Tom Krattenmaker has taken a whack at Tim Tebow in a recent article for USA Today. He complains that Tebow’s conservative Christianity has afflicted sports culture in general:
“Jesus’ representatives in sports aren’t just practicing faith. They are also leveraging sports’ popularity to promote a message and doctrine that are out of sync with the diverse communities that support franchises, and with the unifying civic role that we expect of our teams.”
The problem, Krattenmaker argues, is that Tebow’s brand of religion is too narrow and exclusive for pluralistic American sports fans.
“Tebow does his missionary trips to the Philippines under the auspices of his father’s Bob Tebow Evangelistic Association. The Tebow organization espouses a far-right theology. Its bottom line: Only those who assent to its version of Christianity will avoid eternal punishment. The ministry boldly declares, ‘We reject the modern ecumenical movement.’ . . . The Bob Tebow organization is working at cross purposes with the majority of Americans â€” indeed, the majority of American Christians â€” and their more generous conception of salvation.”
Krattenmaker also alleges that Tebow’s Christianity is abusive to non-Christians:
“This exclusiveness sometimes morphs into a form of chauvinism and mistreatment of non-Christians. Witness the incident with the Washington Nationals baseball team in 2005, when the Christian chaplain was exposed as teaching that Jews go to hell. Then there was the New Mexico state football team, which was the target of a religious discrimination lawsuit in 2006 after two Muslim players reported being labeled ‘troublemakers’ and were kicked off the team by their devoutly Christian coach. The case was settled out of court and the students transferred.”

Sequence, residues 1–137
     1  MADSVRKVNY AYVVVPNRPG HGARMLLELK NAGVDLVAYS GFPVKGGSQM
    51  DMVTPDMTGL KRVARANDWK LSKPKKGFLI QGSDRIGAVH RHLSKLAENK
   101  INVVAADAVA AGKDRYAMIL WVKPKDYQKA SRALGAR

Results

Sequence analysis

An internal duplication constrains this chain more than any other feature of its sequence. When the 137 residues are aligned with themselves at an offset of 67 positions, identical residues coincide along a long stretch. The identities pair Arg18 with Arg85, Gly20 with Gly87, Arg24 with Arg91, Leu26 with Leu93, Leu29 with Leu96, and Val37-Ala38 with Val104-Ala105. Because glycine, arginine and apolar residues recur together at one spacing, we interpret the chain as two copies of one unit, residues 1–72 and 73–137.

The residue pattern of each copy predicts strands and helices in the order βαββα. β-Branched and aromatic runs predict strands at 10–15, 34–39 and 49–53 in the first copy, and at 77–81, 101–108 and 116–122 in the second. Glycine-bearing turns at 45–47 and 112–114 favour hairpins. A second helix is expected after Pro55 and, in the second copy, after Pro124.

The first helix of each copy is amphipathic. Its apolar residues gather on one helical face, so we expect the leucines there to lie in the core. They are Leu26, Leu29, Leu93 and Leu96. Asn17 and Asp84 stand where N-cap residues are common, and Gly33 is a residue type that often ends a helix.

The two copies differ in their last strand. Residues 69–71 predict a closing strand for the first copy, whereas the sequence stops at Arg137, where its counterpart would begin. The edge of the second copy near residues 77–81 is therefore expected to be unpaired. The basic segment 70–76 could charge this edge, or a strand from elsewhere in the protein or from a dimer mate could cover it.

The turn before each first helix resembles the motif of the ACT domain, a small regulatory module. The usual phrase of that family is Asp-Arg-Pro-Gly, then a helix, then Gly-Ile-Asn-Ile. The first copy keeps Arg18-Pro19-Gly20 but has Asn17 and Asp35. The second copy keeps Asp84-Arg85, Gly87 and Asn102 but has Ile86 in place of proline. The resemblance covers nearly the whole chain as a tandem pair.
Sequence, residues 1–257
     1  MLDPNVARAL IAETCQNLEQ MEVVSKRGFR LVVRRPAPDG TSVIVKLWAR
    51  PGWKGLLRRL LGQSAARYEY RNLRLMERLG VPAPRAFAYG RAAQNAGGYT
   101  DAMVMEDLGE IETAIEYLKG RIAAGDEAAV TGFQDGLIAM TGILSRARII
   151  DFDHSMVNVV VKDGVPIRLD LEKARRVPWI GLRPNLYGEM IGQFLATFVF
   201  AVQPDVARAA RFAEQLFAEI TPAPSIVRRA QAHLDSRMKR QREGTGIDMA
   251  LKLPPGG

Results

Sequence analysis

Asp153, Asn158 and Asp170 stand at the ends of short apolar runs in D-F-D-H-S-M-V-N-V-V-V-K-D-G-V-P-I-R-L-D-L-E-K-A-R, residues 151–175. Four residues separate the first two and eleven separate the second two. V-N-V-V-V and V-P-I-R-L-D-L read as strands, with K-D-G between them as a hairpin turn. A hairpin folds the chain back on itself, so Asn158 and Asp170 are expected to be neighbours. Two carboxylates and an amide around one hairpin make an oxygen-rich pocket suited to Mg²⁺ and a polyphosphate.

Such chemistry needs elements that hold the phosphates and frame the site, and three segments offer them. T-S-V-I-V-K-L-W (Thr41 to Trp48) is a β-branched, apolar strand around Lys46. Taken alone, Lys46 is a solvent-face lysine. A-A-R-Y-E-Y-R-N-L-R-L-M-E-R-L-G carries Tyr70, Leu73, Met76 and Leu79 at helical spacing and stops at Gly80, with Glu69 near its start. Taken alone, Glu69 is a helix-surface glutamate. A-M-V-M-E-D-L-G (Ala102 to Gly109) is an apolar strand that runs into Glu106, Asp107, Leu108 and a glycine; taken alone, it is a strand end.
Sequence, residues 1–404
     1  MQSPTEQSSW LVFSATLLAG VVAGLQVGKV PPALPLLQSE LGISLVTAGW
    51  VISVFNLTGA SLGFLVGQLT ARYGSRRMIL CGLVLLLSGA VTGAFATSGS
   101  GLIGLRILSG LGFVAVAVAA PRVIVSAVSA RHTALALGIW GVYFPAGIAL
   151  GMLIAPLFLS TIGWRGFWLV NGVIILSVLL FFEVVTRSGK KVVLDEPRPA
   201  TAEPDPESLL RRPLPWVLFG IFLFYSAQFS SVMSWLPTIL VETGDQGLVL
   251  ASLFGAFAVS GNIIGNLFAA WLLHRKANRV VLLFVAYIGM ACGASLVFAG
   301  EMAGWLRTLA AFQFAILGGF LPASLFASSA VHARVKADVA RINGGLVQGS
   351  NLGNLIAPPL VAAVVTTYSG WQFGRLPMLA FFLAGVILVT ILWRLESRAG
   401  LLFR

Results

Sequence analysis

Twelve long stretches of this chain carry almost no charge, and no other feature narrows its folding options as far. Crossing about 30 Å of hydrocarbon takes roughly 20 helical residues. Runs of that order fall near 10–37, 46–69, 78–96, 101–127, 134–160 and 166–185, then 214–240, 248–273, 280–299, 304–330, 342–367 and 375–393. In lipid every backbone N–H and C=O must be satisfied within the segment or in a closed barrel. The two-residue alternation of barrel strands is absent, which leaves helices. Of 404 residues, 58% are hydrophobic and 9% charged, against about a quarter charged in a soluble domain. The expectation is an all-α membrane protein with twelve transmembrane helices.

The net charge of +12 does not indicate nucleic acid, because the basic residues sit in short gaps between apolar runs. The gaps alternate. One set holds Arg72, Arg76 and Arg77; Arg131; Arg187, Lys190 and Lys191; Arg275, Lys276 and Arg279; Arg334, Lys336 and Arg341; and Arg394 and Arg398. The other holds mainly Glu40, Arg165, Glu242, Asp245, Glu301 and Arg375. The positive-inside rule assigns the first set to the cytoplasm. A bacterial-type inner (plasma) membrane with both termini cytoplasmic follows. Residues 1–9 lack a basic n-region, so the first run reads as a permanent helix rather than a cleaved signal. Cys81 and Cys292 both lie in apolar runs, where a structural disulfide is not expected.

What are we to make of Krattenmaker’s charges? Are Krattenmaker’s complaints valid? In short, the answer is no. Here’s why.
Tim Tebow didn’t invent the idea that Jesus is the only basis for eternal salvation. That idea is the 2,000 year old teaching of the Christian church. Jesus himself said, “I am the way, and the truth, and the life; no one comes to the Father, but through Me” (John 14:6). The apostles taught this as well saying that “Salvation is found in no one else, for there is no other name under heaven given to men by which we must be saved” (Acts 4:12). Tebow is no innovator on this point. He’s merely holding forth the ancient faith in hopes that others might come to Christ. If that’s too narrow, then so be it. Culture may change, but the gospel doesn’t. Faithful Christians must never trim their theological sails to accommodate the prevailing winds of a godless culture.
That is what makes Krattenmaker’s examples of “mistreatment” appear pretty lame. The Christian message is not that “Jews go to hell,” but that everyone apart from Christ will go thereâ€”including Jews, Baptists, Muslims, and all others who do not know Christ. There is no singling out of any particular group. Every person is spiritually destitute apart from faith in Christ. Krattenmaker makes it sound like conservative Christianity singles-out Jews for persecution. That is simply not the case.
At the end of the day, Krattenmaker’s problem is not with Tebow, but with Christ. Christ is the world’s true King to whom we all owe our allegiance. Christ was crucified and raised to provide forgiveness and eternal life for humanity in rebellion against Him. That’s the message that offends Krattenmaker. This should be no surprise, for unbelievers often find Jesus to be “a stone of stumbling and a rock of offense” (1 Peter 2:8). Krattenmaker is tripping all over the stumbling stone, Jesus. Nevertheless, God’s arm is not too short to save. I’m living proof of that. I hope and pray that somehow Krattenmaker might be too.